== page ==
Nico Pinchak at the University of Michigan’s ICPSR
My Summer Experience
During an information session last fall for Bowling Green State University sociology majors, Dr. Wendy Manning, a distinguished professor in the department, had mentioned that the University of Michigan’s Inter-University Consortium for Political and Social Research (ICPSR) offered a summer internship opportunity for undergraduates. ICPSR is the world’s largest academic social science survey and research organization. It plays a key role in the infrastructure of social science research by providing data curation, preservation and access services as well as by offering advanced training opportunities to the next generation of social scientists through the ICPSR Summer Program in Quantitative Methods of Social Research.
Upon further investigation, it was clear that, for students pursuing careers in social science research, the experience would be unrivalled. The internship promised 10 weeks of technical training in data processing and curation techniques, participation in the Summer Program, personalized training and mentorship in quantitative research, and regular professional workshop sessions with room and board and an added stipend. Now, reflecting on my summer, I can confidently say that ICPSR more than delivered.
What likely will become the most memorable and consequential part of my experience was ISR’s complexity and magnitude. The bulk of the research conducted in the Department of Sociology at BGSU utilizes large-scale datasets comprised of answers to hundreds of questions from thousands of participants. Being able to work with these datasets to find social patterns can be an exhilarating experience, but to see all of the complexity behind how such studies are created takes everything to an entirely new level. For example, one of the workshops that we attended introduced us to the Survey Research Operations (SRO) unit within ISR. Among other things, SRO is responsible for assisting with questionnaire designs, computing participant sampling frames, contacting study participants, and hiring interviewers across the country to collect sensitive data from participants. All being carried out at ISR, these tasks call on the efforts of hundreds of researchers and affiliates as well millions of dollars in funding. Processing studies post-data collection further opened my eyes to how these studies are paid for and made accessible. As an aspirating social scientist, documenting the behind the scenes of study designs and purposes was a highly motivating experience.
Other workshops included personal meetings with University of Michigan faculty, such as Alford Young, department chair of sociology, and ISR research scientists such as Jukka Savolainen, and as opportunities to meet with graduate program representatives across the university. Bringing good news for students approaching graduation, one workshop was on potential bachelors-level research careers with Mathematica Policy Research and the National Opinion Research Center (NORC). For students with even just a basic level of experience with social research, the opportunities are many. Responsibilities for such positions may include report writing, conducting policy-relevant literature reviews, operating statistical package programs, orchestrating and transcribing focus groups, and much more.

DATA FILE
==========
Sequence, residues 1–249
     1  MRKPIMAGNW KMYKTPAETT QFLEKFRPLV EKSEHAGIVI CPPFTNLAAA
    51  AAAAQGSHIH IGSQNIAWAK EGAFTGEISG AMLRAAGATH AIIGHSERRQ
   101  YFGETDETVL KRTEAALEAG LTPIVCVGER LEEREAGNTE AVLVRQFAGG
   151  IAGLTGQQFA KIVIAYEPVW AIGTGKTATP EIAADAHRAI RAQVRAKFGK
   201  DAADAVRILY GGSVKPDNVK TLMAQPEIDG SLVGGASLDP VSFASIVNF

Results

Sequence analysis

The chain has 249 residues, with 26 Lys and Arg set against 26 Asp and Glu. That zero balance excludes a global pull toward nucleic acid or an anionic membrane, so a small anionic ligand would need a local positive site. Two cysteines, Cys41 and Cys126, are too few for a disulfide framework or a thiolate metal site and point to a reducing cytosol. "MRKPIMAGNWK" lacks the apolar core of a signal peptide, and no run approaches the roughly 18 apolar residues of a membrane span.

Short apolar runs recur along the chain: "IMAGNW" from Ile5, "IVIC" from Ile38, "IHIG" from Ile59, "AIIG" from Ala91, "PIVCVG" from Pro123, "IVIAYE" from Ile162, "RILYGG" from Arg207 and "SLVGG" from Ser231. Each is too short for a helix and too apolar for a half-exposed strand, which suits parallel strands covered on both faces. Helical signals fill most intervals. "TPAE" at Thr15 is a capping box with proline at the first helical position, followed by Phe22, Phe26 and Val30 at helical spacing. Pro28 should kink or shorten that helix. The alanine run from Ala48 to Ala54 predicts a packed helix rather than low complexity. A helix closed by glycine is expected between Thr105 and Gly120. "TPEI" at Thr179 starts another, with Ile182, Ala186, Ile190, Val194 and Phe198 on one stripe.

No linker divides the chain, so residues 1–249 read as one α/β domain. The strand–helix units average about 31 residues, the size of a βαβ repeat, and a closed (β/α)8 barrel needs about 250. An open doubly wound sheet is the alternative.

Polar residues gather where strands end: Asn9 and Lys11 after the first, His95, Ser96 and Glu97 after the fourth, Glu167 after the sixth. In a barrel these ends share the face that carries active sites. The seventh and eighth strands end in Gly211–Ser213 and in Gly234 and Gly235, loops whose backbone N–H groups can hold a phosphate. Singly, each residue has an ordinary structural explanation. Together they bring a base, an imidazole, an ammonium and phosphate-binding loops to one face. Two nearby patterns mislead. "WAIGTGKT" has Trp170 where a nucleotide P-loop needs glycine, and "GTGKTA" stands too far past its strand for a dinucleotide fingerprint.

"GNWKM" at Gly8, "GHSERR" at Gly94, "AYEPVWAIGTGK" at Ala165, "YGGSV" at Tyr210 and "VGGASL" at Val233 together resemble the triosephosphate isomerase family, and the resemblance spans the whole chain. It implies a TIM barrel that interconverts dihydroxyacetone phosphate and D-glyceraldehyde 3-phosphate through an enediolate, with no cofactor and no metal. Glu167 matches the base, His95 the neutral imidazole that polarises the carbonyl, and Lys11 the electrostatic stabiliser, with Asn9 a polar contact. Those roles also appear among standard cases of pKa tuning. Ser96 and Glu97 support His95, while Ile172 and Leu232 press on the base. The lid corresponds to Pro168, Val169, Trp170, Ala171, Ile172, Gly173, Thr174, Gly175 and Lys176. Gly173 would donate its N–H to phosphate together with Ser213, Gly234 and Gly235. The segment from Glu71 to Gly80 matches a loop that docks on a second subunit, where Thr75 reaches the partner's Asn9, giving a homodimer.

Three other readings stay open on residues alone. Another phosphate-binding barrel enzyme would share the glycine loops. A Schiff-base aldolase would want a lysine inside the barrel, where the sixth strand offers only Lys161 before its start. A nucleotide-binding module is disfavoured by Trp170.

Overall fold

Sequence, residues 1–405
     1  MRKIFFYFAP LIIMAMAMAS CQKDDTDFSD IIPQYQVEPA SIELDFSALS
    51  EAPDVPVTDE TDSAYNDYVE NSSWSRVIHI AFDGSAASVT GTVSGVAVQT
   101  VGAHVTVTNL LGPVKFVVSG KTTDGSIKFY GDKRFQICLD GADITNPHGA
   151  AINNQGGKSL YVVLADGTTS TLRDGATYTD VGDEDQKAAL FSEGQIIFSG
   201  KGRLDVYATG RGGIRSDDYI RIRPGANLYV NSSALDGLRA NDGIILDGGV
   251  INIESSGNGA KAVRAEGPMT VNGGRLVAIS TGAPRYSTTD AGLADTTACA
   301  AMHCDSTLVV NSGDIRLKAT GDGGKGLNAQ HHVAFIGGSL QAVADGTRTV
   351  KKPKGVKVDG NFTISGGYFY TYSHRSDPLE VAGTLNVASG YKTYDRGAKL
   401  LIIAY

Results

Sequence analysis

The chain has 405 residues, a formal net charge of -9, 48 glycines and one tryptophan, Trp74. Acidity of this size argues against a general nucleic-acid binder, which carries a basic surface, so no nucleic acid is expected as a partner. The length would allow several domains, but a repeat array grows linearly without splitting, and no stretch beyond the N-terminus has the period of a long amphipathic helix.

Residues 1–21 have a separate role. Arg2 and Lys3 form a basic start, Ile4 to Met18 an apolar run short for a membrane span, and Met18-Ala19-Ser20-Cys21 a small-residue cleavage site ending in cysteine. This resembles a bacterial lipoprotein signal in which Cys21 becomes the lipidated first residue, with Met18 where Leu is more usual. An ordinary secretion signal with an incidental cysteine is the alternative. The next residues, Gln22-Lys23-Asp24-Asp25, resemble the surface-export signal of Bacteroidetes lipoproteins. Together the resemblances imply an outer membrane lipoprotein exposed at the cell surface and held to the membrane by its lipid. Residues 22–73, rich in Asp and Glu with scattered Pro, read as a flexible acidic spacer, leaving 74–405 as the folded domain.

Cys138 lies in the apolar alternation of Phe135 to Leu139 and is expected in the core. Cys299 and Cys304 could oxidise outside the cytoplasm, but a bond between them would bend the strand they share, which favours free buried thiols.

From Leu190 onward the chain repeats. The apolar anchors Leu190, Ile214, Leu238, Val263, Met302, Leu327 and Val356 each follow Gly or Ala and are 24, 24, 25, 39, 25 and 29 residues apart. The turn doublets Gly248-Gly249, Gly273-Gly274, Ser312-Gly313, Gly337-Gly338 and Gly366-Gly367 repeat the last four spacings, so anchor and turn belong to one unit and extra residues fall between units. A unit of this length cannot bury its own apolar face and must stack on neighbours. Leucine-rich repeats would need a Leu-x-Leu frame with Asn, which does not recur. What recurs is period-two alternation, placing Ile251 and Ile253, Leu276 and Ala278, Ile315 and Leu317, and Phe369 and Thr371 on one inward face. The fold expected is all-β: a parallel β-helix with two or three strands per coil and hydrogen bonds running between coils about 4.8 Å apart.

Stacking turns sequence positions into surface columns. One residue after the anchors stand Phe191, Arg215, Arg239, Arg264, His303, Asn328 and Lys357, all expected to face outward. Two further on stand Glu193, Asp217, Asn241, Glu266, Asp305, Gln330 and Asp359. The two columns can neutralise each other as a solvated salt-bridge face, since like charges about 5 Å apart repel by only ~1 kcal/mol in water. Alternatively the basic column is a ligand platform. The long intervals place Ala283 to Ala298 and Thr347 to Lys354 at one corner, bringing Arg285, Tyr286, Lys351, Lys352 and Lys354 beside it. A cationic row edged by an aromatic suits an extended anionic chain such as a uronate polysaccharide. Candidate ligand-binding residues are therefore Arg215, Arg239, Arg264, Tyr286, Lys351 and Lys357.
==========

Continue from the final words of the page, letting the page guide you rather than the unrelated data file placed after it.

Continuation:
Ultimately serving as a capstone to our internship, the four of us spent much of our time learning quantitative research methods through the summer program and working with Dr. Lynette Hoelter, another ISR research scientist, to develop our independent research projects. From start to finish, the experience exposed us to the stages of the research process and left us each with a conference-ready poster. At least one of us has already scheduled to present at a conference, and I’m now planning to continue working with Hoelter to turn my poster into a publishable paper.
And of course, we were sure to make time for play. Trips were made to Canada, Detroit, Chicago, Cleveland and Cedar Point were made; Ann Arbor’s nightlife explored and Art Fair consumed; a half-marathon completed; a dance class taken; friendships formed; and countless memories made.
For students interested in pursuing similar internship experiences, my best piece of advice would be to take advantage of research opportunities. We were told that this internship was highly competitive, and I’m confident in saying that the world-class faculty and numerous nationally funded research opportunities in the BGSU Department of Sociology are what put me toward the head of the pack. On numerous occasions upon introducing myself I was asked about well-known BGSU scholars such as Drs. Manning, Giordano, Brown, Lin, Joyner and others. The training that I’ve received in my time here, and now also in Ann Arbor, has definitely prepared me for the next level of education, and in so many ways am I proud to have started out a Falcon.